Back in 2009, the ATO issued a PBR (Private Binding Ruling) allowing interest to be capitalised on a rental property loan while using the rent to pay off the borrowers own home. The ATO at that time determined that this arrangement was not caught by Part IVA (general tax avoidance guidelines).

The idea was that if you have multiple loans, some deductible and some non-deductible, then it makes financial sense to allow the deductible loans to capitalise, if doing so enables you to pay down the non-deductible debt more quickly.

I know people who have been doing this for a long time, but I was always reluctant to do it until the 2009 PBR gave the green light.

However, this latest ruling (TD 2012/1) completely reverses the precedent set in 2009, by saying that 'paying off your own home sooner' is no longer considered to be a valid reason for allowing interest to capitalise on deductible debt.

Here is some further reading (from Somersoft) for anyone interested...

Capitalise Interest and Paying Rent off your own home

Interest on Interest and Capitalising Interest

Debt Recycling



Also... Expanding Part IVA Anti Tax Avoidance Provisions
i guess that's a lesson not to rely on someone else's PBR and always get your own PBR in future.
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Shadow
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zaph
27 Apr 2012, 10:39 AM
i guess that's a lesson not to rely on someone else's PBR and always get your own PBR in future.
Applying for a PBR just draws attention to yourself. I reckon people who apply for PBRs are more likely to get audited. There's also a good chance the ATO will say no (despite earlier precedents), and thereby prevent you from doing something that lots of other people are doing under the radar (but legitimised, at least in their mind, by prior PBRs).

I might decide to concentrate all my income towards my home loan, in order to leave a personal buffer for emergencies and to ensure that only my IPs and not my home are at risk of repossession. Does the ATO have the right to claim this is a 'tax avoidance scheme' under part IVA?

The probability of an ATO audit for an individual person is pretty slim. Worst case scenario, in a situation like this, if they decide to apply the new rule retrospectively, and if I get audited, and if they didn't accept one of my valid reasons for entering into such an arrangement (especially given the 2009 precedent), then they ask me to repay the back tax (in my case that would be about $5K, no big deal).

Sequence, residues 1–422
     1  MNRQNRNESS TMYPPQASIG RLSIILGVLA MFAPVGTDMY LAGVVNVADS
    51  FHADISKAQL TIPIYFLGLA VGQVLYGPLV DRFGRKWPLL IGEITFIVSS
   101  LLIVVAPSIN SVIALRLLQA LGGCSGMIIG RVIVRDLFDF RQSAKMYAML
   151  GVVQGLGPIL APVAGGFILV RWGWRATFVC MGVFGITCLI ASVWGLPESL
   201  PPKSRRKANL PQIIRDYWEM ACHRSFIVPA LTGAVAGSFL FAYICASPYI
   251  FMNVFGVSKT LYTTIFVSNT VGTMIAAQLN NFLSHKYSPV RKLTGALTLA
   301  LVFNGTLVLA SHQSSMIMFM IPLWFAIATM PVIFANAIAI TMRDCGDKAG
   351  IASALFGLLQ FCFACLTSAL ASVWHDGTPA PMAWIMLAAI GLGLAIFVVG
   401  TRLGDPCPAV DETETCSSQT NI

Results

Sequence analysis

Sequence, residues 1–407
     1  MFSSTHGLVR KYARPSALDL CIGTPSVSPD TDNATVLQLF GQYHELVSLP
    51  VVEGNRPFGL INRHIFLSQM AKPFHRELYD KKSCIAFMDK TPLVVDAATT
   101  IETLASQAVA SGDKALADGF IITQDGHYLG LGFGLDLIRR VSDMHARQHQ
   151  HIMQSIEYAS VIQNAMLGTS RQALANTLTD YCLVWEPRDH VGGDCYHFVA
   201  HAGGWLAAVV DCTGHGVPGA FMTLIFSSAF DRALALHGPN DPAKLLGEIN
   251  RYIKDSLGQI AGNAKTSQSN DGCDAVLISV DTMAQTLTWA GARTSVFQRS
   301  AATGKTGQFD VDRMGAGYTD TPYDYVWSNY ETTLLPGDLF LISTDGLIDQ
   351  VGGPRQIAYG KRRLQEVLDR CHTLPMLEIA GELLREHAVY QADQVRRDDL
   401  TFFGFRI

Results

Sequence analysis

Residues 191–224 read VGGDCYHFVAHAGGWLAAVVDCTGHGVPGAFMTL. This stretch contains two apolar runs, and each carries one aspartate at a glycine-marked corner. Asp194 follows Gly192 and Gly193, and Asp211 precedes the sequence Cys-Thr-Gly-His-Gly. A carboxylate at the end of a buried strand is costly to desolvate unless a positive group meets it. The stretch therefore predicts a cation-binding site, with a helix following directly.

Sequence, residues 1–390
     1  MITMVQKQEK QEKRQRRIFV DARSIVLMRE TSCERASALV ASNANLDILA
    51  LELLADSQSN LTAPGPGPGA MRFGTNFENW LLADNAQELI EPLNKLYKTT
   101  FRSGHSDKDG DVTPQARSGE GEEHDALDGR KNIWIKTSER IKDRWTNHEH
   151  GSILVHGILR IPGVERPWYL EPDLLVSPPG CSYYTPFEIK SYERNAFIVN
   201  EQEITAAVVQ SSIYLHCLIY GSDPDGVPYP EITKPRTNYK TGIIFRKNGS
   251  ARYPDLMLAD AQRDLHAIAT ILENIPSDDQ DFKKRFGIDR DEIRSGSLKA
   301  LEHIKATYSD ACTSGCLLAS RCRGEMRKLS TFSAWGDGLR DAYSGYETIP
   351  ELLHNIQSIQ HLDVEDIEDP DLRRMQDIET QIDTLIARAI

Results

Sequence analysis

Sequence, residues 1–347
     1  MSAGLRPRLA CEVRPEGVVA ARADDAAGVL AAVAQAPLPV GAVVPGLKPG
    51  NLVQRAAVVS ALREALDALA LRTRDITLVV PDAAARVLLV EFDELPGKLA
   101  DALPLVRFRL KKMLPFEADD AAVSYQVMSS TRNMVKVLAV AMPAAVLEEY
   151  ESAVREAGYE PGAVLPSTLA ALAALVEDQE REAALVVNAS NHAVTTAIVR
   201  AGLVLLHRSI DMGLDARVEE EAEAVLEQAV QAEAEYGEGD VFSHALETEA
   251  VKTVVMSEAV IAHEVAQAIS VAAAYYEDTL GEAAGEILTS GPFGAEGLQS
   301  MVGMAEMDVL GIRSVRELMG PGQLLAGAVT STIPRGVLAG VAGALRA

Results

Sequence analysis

Also, I wonder if the person who did get the 2009 PBR, now finds it nullified by the latest ruling, meaning they're no better off for having the PBR?
Edited by Shadow, 27 Apr 2012, 11:05 AM.
1 - Debunking Demographia. Demographia Survey Debunked. Australian housing is not particularly unaffordable by global standards.
2 - USA, Ireland, UK, Spain and Japan Property Bubbles versus Australia. All property bubbles had one thing in common...
3 - Banks can't margin call on residential property unless borrower defaults, because residential property loans regulated by NCCP Act 2009.
4 - Housing is second highest taxed sector of Australian Economy. Renters subsidised by high taxes incurred by homeowners.
5 - Epic Fail! Steve Keen's Bad Calls and Predictions.
6 - Australian household formation rate faster than population growth rate since 1960s = ongoing improvement in housing affordability.
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slabberdegullion
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Shadow
27 Apr 2012, 10:51 AM
Also, I wonder if the person who did get the 2009 PBR, now finds it nullified by the latest ruling, meaning they're no better off for having the PBR?
Treasury report

Quote:
 
2.1.2 Types of Tax Office advice
The Tax Office provides taxpayers and practitioners with a range of advice on applying the income tax law, through formal rulings and other products.

There are currently three main types of formal income tax ruling: public rulings, private binding rulings (PBRs), and oral rulings. The advice in formal rulings is binding by law on the Tax Office and a taxpayer covered by a formal ruling is therefore protected from retrospective amendment, even if the Tax Office subsequently changes its interpretation of the law.

Public rulings provide written guidance to taxpayers generally. They state the Tax Office’s view on how the income tax law applies to a type or class of arrangements. They are provided at the discretion of the Tax Office and are prepared in conjunction with panels containing representatives from the accounting and legal professions.

PBRs provide written advice to a given taxpayer on how the Tax Office considers the law applies to a specified arrangement for particular income years.

Oral binding rulings provide specific advice on a limited range of income tax matters to taxpayers with simple tax affairs.